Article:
While the article is weighted with words leaning toward a sympathetic reading of transgender ideology, it also says this:
The sensitivity to this matter is heightened because defendants’ actions apply to the youngest child attending school and continues for every year throughout each child’s educational career.…
The plaintiffs argued that the Obama administration guidance came with the implicit threat that federal education funds could be withheld if school districts refused to allow transgender students to use the bathroom of their chosen gender identity. The guidance also had implications for federal student privacy laws, threatening education officials with sanctions if they fail to address students by their preferred gender pronouns.
So what drives this directive is an individual student’s claim about their feelings, whether relating to sexual identity, or their sense of acceptance and belonging, in the most private settings in which young people are most exposed.
What few people are asking publicly is what’s behind all of this, what the thinking is or better yet, the science. Which is why a long-term study into exactly that aspect of “gender theory” came out this week, published in The New Atlantis, just as federal regulations continued to force new regulations favoring transgender ideology on doctors and school systems across the country. The editor’s note sums it up well:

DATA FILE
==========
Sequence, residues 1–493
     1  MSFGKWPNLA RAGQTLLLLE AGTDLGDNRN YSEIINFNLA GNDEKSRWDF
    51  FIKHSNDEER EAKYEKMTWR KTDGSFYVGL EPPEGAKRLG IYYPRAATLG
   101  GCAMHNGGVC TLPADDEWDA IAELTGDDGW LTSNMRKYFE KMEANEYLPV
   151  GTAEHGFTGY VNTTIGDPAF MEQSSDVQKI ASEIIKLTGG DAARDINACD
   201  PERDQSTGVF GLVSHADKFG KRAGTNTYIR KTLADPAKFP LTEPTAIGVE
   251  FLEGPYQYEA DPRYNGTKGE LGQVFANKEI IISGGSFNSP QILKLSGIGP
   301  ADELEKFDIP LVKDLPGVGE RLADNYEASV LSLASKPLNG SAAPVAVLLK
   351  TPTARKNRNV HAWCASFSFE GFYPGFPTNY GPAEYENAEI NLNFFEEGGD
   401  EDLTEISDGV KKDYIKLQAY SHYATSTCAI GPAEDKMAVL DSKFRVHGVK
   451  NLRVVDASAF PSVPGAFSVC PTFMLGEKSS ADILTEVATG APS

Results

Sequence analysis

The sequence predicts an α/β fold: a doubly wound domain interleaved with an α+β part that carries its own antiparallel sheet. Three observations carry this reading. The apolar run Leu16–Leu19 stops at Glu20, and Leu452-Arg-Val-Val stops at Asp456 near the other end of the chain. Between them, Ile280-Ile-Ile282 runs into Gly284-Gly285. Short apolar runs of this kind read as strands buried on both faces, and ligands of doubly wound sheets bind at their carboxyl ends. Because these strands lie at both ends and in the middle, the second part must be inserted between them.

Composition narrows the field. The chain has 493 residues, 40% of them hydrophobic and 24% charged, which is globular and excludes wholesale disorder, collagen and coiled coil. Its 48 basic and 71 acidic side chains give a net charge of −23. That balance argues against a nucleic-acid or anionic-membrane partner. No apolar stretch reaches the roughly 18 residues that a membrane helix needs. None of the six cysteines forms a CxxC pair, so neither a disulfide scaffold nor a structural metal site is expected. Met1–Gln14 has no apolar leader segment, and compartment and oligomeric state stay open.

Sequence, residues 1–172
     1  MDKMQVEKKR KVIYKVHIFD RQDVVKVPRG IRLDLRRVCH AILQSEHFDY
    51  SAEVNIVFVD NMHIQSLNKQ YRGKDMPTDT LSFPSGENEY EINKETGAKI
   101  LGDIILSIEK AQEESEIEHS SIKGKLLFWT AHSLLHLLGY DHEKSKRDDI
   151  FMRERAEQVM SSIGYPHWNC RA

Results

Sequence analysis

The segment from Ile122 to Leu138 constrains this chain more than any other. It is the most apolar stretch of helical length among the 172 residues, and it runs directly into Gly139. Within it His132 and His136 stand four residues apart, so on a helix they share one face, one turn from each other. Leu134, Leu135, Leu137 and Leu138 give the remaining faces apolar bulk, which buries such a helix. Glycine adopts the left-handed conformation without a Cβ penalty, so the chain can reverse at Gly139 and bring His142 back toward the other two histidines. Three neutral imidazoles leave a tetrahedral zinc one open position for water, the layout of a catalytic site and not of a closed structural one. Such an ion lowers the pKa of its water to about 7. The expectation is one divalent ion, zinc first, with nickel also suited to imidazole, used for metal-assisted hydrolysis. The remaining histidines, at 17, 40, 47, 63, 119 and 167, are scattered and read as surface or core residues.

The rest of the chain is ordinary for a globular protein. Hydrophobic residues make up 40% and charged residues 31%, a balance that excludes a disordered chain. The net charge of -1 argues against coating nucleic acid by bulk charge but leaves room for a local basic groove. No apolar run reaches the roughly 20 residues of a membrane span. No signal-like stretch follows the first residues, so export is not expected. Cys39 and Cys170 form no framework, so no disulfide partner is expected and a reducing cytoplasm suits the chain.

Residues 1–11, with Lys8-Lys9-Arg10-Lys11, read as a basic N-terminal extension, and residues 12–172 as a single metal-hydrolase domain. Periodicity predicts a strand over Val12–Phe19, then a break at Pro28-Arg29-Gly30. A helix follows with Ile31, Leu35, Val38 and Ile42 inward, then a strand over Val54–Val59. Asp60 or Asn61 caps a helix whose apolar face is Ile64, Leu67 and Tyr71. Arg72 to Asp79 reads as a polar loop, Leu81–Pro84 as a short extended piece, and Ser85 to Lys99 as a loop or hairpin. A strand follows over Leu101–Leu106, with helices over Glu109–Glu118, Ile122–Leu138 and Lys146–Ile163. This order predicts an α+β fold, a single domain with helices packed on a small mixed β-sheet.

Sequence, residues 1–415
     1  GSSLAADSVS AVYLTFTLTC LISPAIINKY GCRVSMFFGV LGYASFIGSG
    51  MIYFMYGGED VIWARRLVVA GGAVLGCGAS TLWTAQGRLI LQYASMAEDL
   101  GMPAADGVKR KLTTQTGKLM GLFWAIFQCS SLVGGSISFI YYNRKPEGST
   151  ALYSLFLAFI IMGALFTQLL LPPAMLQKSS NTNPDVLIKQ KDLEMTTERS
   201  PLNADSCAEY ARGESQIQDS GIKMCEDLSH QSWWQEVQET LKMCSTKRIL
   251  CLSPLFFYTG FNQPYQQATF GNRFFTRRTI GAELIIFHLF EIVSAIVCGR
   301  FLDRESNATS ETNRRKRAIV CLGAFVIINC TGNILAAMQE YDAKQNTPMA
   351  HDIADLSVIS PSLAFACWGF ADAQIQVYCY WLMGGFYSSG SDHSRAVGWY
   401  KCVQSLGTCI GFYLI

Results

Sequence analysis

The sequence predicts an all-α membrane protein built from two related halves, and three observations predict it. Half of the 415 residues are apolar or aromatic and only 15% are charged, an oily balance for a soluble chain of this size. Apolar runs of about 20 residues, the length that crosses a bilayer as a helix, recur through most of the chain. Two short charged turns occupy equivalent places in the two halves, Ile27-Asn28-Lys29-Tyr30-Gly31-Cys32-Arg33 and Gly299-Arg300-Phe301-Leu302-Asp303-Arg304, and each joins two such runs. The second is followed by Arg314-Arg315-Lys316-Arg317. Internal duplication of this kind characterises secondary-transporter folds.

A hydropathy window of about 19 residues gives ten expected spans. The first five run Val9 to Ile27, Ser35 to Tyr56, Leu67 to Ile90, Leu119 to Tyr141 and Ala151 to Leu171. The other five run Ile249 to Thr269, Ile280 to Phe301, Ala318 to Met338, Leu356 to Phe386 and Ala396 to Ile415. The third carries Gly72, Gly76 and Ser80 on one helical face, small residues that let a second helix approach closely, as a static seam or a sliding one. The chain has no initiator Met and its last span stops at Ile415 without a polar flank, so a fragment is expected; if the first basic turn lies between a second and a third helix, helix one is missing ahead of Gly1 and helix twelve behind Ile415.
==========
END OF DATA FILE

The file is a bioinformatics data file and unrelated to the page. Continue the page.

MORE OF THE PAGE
Questions related to sexuality and gender bear on some of the most intimate and personal aspects of human life. In recent years they have also vexed American politics. We offer this report — written by Dr. Lawrence S. Mayer, an epidemiologist trained in psychiatry, and Dr. Paul R. McHugh, arguably the most important American psychiatrist of the last half-century — in the hope of improving public understanding of these questions. Examining research from the biological, psychological, and social sciences, this report shows that some of the most frequently heard claims about sexuality and gender are not supported by scientific evidence. The report has a special focus on the higher rates of mental health problems among LGBT populations, and it questions the scientific basis of trends in the treatment of children who do not identify with their biological sex. More effort is called for to provide these people with the understanding, care, and support they need to lead healthy, flourishing lives.